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Title: The Gracious Designs of God, Accomplished by the Malice of His Enemies

Author: J. Church

Release date: December 26, 2018 [eBook #58535]

Language: English


Transcribed from the 1819 R. Thomas edition by David Price, email

Public domain book cover



An Address,

Delivered on WEDNESDAY, November 24th, 1819,



Being the Day of his Deliverance.


Commit thy Way unto the Lord; trust also in him, and he shall bring
it to pass.—Psalm xxxvii, 5th Verse.





p. 3AN ADDRESS, &c.

But God meant it unto good.—Gen. l. 20th verse.

The sacred pages are designed by the God of all grace, to reveal the glorious salvation of lost, ruined, guilty man.  The adorable Author of this inestimable blessing, with its amazing contrivance, and the means appointed for the knowledge and enjoyment of it—the eternal love of God as the source, the finished work of Christ, God-Man Mediator, and the gracious energy and operations of the Holy-making Spirit, are the appointed means for the accomplishment and application of this glorious salvation.  This is the subject matter of the Gospel, as set forth in the word, and experienced by all who are taught of God; and while we would adore the sacred Trinity in Unity, for the revelation of his gracious will, in the matter of a sinner’s salvation from merited ruin, so we desire, at the same time, to search the scriptures for all the suited promises and encouragements therein given to the believer, in his complicated trials; and whatever may be the p. 4nature of those trials, the Bible fully assures him, that a covenant God has marked out his path in love, and in infinite wisdom; and though the hand of God may lay heavy upon him in deep afflictions, and the dispensations of divine providence may be very dark, and his trials very severe, it is a mercy to know, to believe, and be enabled to rest on the Staff of divine faithfulness; ever bearing in mind, that the grand design of every conflict, is to answer the purposes of the divine glory; and, ultimately, to bring the believer to himself, to great nearness and conformity to Christ, and, finally, to everlasting bliss.  For our light afflictions, which are but for a moment, worketh for us an exceeding and eternal weight glory, while we look not at the things which are temporal.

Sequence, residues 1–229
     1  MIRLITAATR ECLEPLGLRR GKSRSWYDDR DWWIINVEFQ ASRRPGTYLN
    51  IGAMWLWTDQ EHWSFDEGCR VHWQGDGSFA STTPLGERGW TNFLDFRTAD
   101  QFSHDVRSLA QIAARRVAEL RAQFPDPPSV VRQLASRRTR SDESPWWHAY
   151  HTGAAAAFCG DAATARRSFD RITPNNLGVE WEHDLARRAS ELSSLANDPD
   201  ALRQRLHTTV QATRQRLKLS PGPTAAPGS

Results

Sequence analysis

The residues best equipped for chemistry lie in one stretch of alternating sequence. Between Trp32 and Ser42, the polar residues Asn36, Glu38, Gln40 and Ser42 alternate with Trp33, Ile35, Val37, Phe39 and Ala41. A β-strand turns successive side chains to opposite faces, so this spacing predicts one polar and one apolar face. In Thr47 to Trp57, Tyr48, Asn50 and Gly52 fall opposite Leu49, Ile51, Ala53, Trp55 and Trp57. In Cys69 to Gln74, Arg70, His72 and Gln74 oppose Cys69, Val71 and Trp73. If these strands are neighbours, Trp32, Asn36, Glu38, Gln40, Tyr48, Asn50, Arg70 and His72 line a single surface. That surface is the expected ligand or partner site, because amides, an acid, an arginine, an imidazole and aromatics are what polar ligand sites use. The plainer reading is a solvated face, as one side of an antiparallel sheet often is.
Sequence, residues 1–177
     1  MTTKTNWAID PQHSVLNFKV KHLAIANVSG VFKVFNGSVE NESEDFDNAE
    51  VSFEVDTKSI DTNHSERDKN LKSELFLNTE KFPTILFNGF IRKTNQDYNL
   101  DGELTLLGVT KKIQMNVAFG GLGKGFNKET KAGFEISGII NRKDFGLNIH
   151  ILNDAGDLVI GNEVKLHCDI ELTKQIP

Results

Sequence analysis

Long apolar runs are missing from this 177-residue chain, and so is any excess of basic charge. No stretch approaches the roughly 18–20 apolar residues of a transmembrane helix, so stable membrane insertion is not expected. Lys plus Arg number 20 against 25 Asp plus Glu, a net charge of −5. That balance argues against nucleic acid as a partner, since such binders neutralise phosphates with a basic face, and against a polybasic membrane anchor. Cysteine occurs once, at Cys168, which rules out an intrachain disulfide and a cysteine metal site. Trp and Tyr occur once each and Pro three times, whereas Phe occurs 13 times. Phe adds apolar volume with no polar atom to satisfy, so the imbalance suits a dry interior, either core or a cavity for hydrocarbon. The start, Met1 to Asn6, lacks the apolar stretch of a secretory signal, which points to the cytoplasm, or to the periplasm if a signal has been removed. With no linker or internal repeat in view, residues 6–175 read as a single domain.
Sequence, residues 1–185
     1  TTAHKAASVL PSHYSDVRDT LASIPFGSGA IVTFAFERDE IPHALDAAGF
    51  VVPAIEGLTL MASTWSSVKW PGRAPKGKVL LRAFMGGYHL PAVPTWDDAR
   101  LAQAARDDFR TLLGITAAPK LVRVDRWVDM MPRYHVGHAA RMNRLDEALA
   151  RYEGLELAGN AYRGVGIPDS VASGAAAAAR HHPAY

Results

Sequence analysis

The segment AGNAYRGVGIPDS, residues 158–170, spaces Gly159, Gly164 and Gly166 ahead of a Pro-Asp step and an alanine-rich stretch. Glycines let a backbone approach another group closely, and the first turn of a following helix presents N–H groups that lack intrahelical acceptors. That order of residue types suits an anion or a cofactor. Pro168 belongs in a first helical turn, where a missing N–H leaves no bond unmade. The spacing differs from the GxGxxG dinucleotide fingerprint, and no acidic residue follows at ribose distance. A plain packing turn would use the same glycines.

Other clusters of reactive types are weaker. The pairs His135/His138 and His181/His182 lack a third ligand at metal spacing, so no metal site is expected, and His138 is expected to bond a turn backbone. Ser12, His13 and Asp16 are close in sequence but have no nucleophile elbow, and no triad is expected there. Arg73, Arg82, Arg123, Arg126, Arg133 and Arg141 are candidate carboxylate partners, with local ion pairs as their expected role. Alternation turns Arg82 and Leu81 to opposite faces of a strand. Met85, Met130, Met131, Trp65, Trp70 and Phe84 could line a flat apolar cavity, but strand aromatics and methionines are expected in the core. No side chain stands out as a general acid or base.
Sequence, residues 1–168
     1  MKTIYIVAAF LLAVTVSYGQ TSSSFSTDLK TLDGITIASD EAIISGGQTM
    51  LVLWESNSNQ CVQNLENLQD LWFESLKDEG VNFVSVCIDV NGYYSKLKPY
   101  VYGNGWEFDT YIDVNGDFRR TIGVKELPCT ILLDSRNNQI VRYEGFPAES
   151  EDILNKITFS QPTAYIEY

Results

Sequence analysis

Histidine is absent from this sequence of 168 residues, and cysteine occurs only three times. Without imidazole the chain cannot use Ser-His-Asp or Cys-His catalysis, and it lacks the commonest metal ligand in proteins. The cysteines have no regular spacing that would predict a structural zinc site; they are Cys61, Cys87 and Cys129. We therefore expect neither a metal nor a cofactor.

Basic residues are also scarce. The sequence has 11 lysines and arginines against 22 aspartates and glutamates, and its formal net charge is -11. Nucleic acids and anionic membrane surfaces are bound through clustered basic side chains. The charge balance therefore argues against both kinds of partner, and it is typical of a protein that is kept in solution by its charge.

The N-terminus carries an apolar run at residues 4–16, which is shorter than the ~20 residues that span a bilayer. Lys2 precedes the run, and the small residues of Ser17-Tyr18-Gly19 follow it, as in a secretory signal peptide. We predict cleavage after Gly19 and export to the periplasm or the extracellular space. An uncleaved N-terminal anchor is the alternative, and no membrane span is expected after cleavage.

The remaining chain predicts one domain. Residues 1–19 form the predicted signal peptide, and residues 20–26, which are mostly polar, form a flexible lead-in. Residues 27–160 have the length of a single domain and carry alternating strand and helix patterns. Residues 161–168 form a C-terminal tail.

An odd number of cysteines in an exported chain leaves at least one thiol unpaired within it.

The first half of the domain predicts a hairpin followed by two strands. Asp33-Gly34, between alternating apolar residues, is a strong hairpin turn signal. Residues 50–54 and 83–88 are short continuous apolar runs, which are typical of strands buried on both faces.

The instrument a wise and gracious Father may use, to answer these ends, may be singular; and frequently they are those who are very dear to our hearts, and nearly allied in nature, profession, or friendship.  Such, alas! may be permitted to distress the mind and grieve the heart, by the exercise of malice, arising from some predominant evil disposition, and frequently without any apparent cause, save that of envy; but the Lord who has decreed to permit this, has also decreed to over-rule it, for our spiritual, and sometimes even for our temporal good.  The Lord very frequently makes the evil devised against us by Satan and his emissaries, answer many valuable purposes; and so wisely manages p. 5those things, which appear to be the greatest evils, to be the greatest advantage to us, and to effect his own glory in some mysterious way.  Our mercy, under every dispensation, is to lay passive in his hand, to believe in his love, and to be humbled before him, well knowing that he worketh all things after the counsel of his own will; and while the mind is thus engaged to hear, also on universal goodwill to those who may injure us, quite forgetting, and freely forgiving them, as we have been forgiven, to conceal as much as possible their infirmities, even while we plead our own innocence; and in exculpating ourselves, we cannot be too careful to avoid reflecting upon those, who have dealt so cruelly with us.  This is the spirit of true religion and genuine christianity.